[PanoTools-devel] interfacing libpano and numpy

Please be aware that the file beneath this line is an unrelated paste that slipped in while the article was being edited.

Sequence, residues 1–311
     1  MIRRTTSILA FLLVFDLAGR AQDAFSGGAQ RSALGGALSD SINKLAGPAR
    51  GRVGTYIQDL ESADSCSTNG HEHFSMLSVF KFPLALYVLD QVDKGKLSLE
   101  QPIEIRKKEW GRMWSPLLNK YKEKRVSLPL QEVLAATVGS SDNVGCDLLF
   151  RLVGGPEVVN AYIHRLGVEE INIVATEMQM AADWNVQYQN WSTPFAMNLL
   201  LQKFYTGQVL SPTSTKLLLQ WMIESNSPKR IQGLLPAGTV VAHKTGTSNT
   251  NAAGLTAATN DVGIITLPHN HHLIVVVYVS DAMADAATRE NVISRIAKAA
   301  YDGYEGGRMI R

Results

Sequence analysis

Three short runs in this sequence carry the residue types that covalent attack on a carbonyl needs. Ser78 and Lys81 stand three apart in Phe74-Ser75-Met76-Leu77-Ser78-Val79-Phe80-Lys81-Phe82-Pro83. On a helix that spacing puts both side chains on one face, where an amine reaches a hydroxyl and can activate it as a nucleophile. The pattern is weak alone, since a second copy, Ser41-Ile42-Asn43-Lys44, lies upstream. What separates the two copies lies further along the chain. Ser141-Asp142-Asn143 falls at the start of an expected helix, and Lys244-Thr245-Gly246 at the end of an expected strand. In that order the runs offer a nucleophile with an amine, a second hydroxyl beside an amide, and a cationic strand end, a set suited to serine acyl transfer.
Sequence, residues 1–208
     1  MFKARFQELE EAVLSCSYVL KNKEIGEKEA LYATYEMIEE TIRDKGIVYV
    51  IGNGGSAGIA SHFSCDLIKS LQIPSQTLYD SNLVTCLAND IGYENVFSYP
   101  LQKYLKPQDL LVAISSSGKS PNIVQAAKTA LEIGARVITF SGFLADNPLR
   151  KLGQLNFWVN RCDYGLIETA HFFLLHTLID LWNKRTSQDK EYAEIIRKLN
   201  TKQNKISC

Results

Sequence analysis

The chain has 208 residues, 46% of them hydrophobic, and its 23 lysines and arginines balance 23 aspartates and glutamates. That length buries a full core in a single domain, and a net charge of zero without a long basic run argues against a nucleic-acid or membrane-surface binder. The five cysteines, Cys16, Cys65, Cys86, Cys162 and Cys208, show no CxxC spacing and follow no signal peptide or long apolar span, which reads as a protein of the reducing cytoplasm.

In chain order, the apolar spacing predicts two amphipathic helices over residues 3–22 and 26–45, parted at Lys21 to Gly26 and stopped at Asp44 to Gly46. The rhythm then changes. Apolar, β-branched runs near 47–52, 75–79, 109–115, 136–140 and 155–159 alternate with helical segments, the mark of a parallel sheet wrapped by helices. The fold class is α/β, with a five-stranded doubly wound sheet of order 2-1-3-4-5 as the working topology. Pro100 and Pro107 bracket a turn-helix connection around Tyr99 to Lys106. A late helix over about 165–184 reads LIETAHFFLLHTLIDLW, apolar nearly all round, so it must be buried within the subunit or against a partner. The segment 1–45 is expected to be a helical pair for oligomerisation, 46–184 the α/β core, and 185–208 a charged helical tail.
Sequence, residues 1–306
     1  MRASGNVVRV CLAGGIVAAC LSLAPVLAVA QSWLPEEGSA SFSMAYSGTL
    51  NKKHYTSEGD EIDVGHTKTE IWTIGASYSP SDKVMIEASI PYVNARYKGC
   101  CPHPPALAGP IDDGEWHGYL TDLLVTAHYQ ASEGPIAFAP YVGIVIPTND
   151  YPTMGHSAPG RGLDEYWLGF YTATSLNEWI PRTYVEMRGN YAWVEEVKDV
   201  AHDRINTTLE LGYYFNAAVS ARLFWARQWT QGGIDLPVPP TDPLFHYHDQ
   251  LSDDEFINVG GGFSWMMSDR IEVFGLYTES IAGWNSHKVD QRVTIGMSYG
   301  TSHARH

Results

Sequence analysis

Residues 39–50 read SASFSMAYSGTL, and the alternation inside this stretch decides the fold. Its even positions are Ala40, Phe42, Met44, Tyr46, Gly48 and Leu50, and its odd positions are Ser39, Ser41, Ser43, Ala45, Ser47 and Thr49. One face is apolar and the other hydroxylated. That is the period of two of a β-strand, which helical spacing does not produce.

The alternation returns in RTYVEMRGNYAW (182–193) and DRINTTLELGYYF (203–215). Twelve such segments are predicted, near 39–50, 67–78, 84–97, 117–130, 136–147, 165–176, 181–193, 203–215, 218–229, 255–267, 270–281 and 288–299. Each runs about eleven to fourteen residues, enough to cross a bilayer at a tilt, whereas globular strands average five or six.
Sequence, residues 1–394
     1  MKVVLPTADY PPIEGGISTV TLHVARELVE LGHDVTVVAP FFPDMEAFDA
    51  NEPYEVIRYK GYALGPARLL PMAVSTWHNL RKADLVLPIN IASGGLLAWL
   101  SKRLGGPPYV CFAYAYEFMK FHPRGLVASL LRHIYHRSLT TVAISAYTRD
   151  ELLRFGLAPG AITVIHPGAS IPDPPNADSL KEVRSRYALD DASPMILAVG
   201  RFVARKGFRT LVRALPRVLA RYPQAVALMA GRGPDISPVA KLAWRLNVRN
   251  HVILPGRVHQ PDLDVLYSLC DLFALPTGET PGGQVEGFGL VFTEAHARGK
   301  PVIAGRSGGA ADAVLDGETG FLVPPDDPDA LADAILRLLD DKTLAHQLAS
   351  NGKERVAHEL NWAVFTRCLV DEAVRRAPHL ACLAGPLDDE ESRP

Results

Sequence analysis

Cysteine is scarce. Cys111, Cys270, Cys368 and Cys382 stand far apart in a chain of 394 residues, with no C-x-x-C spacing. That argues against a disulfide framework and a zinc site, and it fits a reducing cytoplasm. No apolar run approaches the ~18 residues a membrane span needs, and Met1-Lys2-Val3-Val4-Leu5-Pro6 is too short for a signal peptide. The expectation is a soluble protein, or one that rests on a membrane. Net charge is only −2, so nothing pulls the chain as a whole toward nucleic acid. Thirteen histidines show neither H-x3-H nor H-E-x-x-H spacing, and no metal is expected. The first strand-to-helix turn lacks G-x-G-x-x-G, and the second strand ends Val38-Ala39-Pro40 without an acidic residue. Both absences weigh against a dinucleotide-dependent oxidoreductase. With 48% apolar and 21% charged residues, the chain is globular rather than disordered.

[PanoTools-devel] interfacing libpano and numpy From: Kay F. Jahnke <_kfj@ya...> - 2011-11-26 12:11:48 ```Hi group! I'm doing some work on hugin's python interface, in the course of which I have experimentally introduced some code into libpano which might you might find interesting. I've described what I've done in http://groups.google.com/group/hugin-ptx/browse_thread/thread/19b059cf02bb3b6b# I think that there might be more code in libpano which would benefit from vectorization. The coding involved isn't a big deal, but the performance gains can be substantial. My proposed new routine would live in math.c: // KFJ 2011-11-23 // this function transforms many coordinates at once. // The coordinates to be transformed are passed via the pointers // x_dest and y_dest, and the result of the transformation is // stored in the memory pointed to by x_src and y_src. // all vectors have to have space for count doubles. // Memory pointed to by x_dest and y_dest will only be // read, not written to. // params points to a stack of fDesc structures, which // defines the order, type and additional parameters // of the partial transformations. int v_execute_stack_new ( double* x_dest, // x coordinates destination                           double* y_dest, // y coordinates destination                           double* x_src,  // x coordinates source                           double* y_src,  // y coordinates source                           int count,      // number of coordinates                           void* params )  // pointer to vector of fDesc {     register struct fDesc*  stack = (struct fDesc *) params;     register double * xd = x_dest ;     register double * yd = y_dest ;     register double * xs = x_src ;     register double * ys = y_src ;     register int loop_index = count ;     if ( count <= 0 )         return 1 ;       // running the first function on the stack, the destination     // coordinates are taken from the x_dest and y_dest vectors     // and the result is written to x_src and y_src     if ( stack->func != NULL )     {         while ( loop_index-- )             if ( ! (stack->func) ( *xd++ , *yd++ , xs++ , ys++ , stack->param ) )                 return 0 ;         stack++ ;     }     // from the second function on, the destination coordinates are     // taken from x_src and y_src and written back to these vectors     while( (stack->func) != NULL )     {         loop_index = count ;         xs = x_src ;         ys = y_src ;         while ( loop_index-- )         {             if ( ! (stack->func) ( *xs , *ys , xs , ys , stack->param ) )                 return 0 ;             xs++ ;             ys++ ;         }         stack++ ;     }     // if no call to a transformation function has caused a premature     // return of zero, we arrive here and return 1 to indicate success.     return 1 ;     } I've used the most efficient looping strategy I found, saving the register doubles used in execute_stack (which, by the way, would benefit from adopting the same looping strategy - but it's only something like a five percent gain). This code is perliminary insofar as I intend to modify it to use strided data, but the modification would merely mean the introduction of the strides as additional parameters and their use instead of the plain incremetations - I might stick with this version for simplicity's sake, though, and require strided data to be reshaped on the python side, which wouldn' hurt too badly performancewise, since the actual transforms are the most expensive bits. If you would consider inclusion of such code into libpano, I'd happily provide a mercurial patch to integrate it into the body of code. What do you say? Kay ```